The Drama Triangle is at its core a socially dysfunctional power game between three entities: Persecutor, Victim, and Rescuer. Interestingly, we each play different roles, sometimes even within short interactions.
The Drama Triangle was first described by Dr. Stephen Karpman in the 1960s and is still as relevant today as it was then. Here’s how the roles play out:
Victim: Victims tend to feel trapped, helpless, and hopeless. Nothing is their fault; everyone and everything is against them, life has not dealt them a fair hand. Victims deny their strength and power. Victims seek Rescuers to bail them out.
Rescuer: The Rescuer feels needed, meaningful, and in charge. Rescuers fancy themselves as the knight on the white horse coming to save the day. Rescuers thrive in the caretaker role. Rescuers thrive on protecting Victims or perceived Victims.
Persecutor: Persecutors are quick to blame but generally don’t solve problems. This is a very shame-based role. Instead, persecutors keep Victims in their place and criticize Rescuers for enabling.
The below example from Leadership Tribe succinctly shows each of the roles in action. I love this example because individuals can shift roles quickly within very short conversations.
Mark (P): Alex, the Programme Status Report is due at noon today. Could you please send it over to me as soon as possible?
Alex (V): Doh! I haven’t done it yet, I wasn’t sure what is required, and I have been overwhelmed with the other priorities for my programme.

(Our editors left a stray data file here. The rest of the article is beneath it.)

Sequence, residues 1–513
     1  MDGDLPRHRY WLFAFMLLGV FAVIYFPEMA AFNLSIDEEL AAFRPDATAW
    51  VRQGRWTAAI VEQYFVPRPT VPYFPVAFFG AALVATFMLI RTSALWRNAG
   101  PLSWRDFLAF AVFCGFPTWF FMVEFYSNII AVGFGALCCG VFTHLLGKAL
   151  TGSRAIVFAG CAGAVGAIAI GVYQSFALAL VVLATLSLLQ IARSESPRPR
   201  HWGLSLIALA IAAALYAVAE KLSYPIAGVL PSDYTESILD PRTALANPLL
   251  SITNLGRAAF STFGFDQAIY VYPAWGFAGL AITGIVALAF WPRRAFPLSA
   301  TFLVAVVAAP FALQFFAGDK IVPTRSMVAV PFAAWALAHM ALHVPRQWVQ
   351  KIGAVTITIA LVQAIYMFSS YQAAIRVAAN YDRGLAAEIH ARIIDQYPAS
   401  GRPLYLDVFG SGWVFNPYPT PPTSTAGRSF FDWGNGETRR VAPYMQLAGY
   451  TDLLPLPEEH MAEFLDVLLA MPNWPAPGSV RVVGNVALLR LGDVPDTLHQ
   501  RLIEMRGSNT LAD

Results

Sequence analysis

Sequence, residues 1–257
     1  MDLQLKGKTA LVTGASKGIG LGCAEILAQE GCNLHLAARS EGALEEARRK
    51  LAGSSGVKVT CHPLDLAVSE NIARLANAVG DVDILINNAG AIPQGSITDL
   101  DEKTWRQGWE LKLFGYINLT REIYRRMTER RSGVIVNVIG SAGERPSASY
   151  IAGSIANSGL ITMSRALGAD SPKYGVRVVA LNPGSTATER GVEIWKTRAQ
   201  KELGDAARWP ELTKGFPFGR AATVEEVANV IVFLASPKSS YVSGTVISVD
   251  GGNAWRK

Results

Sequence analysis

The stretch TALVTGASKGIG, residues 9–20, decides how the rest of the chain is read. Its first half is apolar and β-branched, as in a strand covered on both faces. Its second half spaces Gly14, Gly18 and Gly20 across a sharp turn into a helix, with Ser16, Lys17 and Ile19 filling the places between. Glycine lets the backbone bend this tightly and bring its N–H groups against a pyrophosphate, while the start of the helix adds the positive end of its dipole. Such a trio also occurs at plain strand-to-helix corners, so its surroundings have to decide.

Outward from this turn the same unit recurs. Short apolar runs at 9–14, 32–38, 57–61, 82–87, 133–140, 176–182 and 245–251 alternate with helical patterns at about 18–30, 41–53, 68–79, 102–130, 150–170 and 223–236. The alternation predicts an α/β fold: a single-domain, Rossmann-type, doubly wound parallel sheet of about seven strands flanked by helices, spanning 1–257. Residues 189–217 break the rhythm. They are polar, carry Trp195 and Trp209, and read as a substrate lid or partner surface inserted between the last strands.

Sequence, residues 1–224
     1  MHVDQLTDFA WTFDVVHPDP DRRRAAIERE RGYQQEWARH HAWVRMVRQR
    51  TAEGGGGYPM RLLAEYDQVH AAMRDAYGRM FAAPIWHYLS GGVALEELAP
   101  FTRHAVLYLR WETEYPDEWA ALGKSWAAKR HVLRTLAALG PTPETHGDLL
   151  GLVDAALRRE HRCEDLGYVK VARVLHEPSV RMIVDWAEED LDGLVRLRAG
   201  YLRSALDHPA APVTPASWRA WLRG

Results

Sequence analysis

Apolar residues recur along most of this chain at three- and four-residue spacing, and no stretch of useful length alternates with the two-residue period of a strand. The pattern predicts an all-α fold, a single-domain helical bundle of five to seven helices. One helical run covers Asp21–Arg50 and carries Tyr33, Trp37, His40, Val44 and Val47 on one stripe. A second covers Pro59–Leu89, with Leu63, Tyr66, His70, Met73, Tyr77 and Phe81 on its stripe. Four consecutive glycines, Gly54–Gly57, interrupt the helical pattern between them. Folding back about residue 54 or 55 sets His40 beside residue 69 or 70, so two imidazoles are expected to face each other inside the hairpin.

Mark (P): The request and report template were sent to you last week. If you were not sure about the requirement, why didn’t you ask?
Alex (V): I was overwhelmed and didn’t have the capacity. (V)
Mark (P): It is already 10 am now, can you pull something up for your programme quickly?
Kate (R): Mark, what information do you need from our programme?
Mark (R): The standard – programme RAG status, programme highlights, key risks and issues, milestones and dependencies.
Kate (P): We produce quite a few programme reports for the portfolio already. Can’t you just tweak the information to get what you need?
Mark (V): Do you know how many programme updates I have to collate for the portfolio updates?
Alex (P): Honestly, I think the status report is an overkill! (P)
Kate (R): Never mind, give me half an hour. I will update the status report and send it over.
Now that you’ve seen it in action, what are the next steps?
I’m a self-identified Rescuer. Before I started my coaching practice, my go-to role was to solve other people’s “problem.” I didn’t seem myself as a Rescuer, and I certainly didn’t see anyone around me as Victims, but it felt so good to be able to help people out, even though they probably didn’t need my help in any way, shape, or form. The funny thing was that I had a catch phrase “Here, let me solve a problem you didn’t even know you had.” As you might guess, this was generally not well-received. And, frankly, being the Rescuer was exhausting!
Although the client may not name them, the Persecutor, Victim, and Rescuer roles show up regularly. Many of my clients show up for appointments very much in the Victim role, and it’s my job to help them see themselves otherwise.
Here’s how the International Coaching Federation defines coaching: Coaches honor the client as the expert in his or her life and work and believe every client is creative, resourceful, and whole.
If you see yourself in any of these roles, now may be the time to step back and become aware of how each of these roles shows up for you. Awareness, understanding, and reframing as it pertains to the Drama Triangle could very well improve your relationship with others and dramatically reduce your stress. I know it did mine.
Cindy Jobs, PCAC, ACC
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